Arch Linux on ThinkPad T440s



Arch-linux-on-thinkpad-t440s I recently got the opportunity to choose a new laptop and after some intensive research I choosed a ThinkPad T440s, mainly due to the combination of a strong i7 CPU, 12 GB RAM, 512 GB SSD and 1.6 kg weight. It might not be as pretty as a ZenBook, but it's looks way better than the old IBM ThinkPads anyhow.

Of course I wanted to run Arch Linux on this baby so after some dribbling with Windows 8 freeing up enough space to install Linux I gave it a shot.
As always stuff changes and things like BIOS and MBR have been replaced by UEFI and GPT which made me spend more time than I expected on the initial steps of the installation process.

After having that sorted out the next hurdle to overcome was to successfully install dm-crypt + LUKS. That also required a bit of head banging until I stumble upon this great guide.

After that installing the rest of the software, including the best desktop environment out there: Cinnamon, went pretty smoothly. Much thanks to the fact that I'm having all my essential config files on Dropbox, which just meant creating a bunch of symlinks.

Another big issue was that the WiFi connection dropped every now and then. After talking to a friend with the same model he recommended disabling the n band, which made the connection much more stable.

A final issue was the notorious ClickPad which's kind of useless out of the box in Arch Linux. This nice blog post have a good Xorg config to make it a whole lot better.

I must admit that there was a weak moment during the installation process where I jealously glanced over at the people around me running OS X triumphing that everything "just worked". However, I know that this was an investment I will get back many times over now that I'm running a kick ass configuration that will take my productivity to even higher levels. I just hope I don't have to install a new Linux machine any time soon ;)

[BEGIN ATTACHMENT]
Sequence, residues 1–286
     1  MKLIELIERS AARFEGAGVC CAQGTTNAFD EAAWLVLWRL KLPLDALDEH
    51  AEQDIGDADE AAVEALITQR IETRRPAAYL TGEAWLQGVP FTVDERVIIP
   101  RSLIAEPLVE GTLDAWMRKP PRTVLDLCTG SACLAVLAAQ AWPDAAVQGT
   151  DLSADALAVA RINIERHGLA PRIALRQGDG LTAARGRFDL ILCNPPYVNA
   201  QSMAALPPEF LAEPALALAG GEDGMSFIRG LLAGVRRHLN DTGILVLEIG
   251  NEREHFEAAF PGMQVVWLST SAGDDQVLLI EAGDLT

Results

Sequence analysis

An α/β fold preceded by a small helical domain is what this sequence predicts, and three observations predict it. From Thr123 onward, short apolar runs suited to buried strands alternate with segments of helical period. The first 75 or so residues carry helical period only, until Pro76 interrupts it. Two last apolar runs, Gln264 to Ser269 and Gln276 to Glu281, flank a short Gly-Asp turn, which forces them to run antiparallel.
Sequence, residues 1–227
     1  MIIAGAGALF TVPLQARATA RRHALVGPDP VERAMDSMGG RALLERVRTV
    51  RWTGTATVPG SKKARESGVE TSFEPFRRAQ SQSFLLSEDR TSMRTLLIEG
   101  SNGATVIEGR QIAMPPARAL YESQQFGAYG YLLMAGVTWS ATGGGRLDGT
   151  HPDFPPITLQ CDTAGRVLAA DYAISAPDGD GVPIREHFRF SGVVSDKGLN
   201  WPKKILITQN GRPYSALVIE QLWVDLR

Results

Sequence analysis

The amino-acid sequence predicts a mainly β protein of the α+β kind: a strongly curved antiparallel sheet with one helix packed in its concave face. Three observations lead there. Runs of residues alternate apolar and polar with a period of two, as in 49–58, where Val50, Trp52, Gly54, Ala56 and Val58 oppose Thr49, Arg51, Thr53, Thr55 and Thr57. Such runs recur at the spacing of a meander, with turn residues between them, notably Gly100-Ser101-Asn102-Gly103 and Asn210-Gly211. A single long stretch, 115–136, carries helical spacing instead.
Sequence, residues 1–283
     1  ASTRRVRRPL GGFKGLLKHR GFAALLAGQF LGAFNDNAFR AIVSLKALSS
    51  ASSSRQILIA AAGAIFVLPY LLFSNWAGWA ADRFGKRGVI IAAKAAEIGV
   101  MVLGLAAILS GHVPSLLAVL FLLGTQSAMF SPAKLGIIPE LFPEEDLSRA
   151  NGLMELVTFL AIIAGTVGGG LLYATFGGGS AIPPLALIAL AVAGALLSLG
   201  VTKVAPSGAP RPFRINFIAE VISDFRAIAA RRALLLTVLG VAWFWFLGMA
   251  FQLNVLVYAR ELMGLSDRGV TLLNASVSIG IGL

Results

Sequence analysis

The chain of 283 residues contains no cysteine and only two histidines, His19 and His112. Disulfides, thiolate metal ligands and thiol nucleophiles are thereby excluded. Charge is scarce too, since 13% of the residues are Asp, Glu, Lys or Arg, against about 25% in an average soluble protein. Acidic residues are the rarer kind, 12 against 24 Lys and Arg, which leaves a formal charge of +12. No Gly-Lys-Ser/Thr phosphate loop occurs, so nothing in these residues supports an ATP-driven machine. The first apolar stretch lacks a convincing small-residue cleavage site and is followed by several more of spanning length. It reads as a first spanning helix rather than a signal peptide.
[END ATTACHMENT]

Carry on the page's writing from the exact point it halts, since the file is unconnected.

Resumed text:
No more creations... here


The website

So I've decided to move my previously hosted creations to the one and only GitHub since it's such a brilliant site.
On that note, I'll not host any more stuff here, but have them all on external services (the cloud, baby).

P.S I've also added some new stuff on GitHub, be sure to check it out.

Syncing custom commands with Dropbox



Anybody that have used Linux for more than a while knows about the power of shell scripting.
I have currently 97 custom scripts in my bin folder. Most of these are just small combination of commands that I frequently use, but I've also have some more complicated scripts such as a script for switching the display to my TV screen and starting various HTPC services, increasing fonts on terminals and editors and so on.

As I'm running Arch Linux on several machines I looked for a way to sync my scripts and also have them always available.

The way I solved this was very simple. First I created a folder in my Dropbox called bin, then I added that folder to my $PATH variable.
You can do this either locally by adding

to your .bashrc file or you could add it globally by creating a new script in the /etc/profiles.d folder containing
export PATH=$PATH:/home/username/Dropbox/bin

where username is the name of the user that has Dropbox configured.

On track once more


Heroku Rails The website

On-track-once-more After having my HTPC running this website for couple of years it was time for a hardware upgrade. I'd just upgraded my main computer and was faced with two choices: either buy a new set of hardware or scrap the HTPC in favor of just using the main computer. I decided to go with the second choice since I always use the HTPC and my main computer mutually exclusive and then I only had one set of hardware and software to maintain.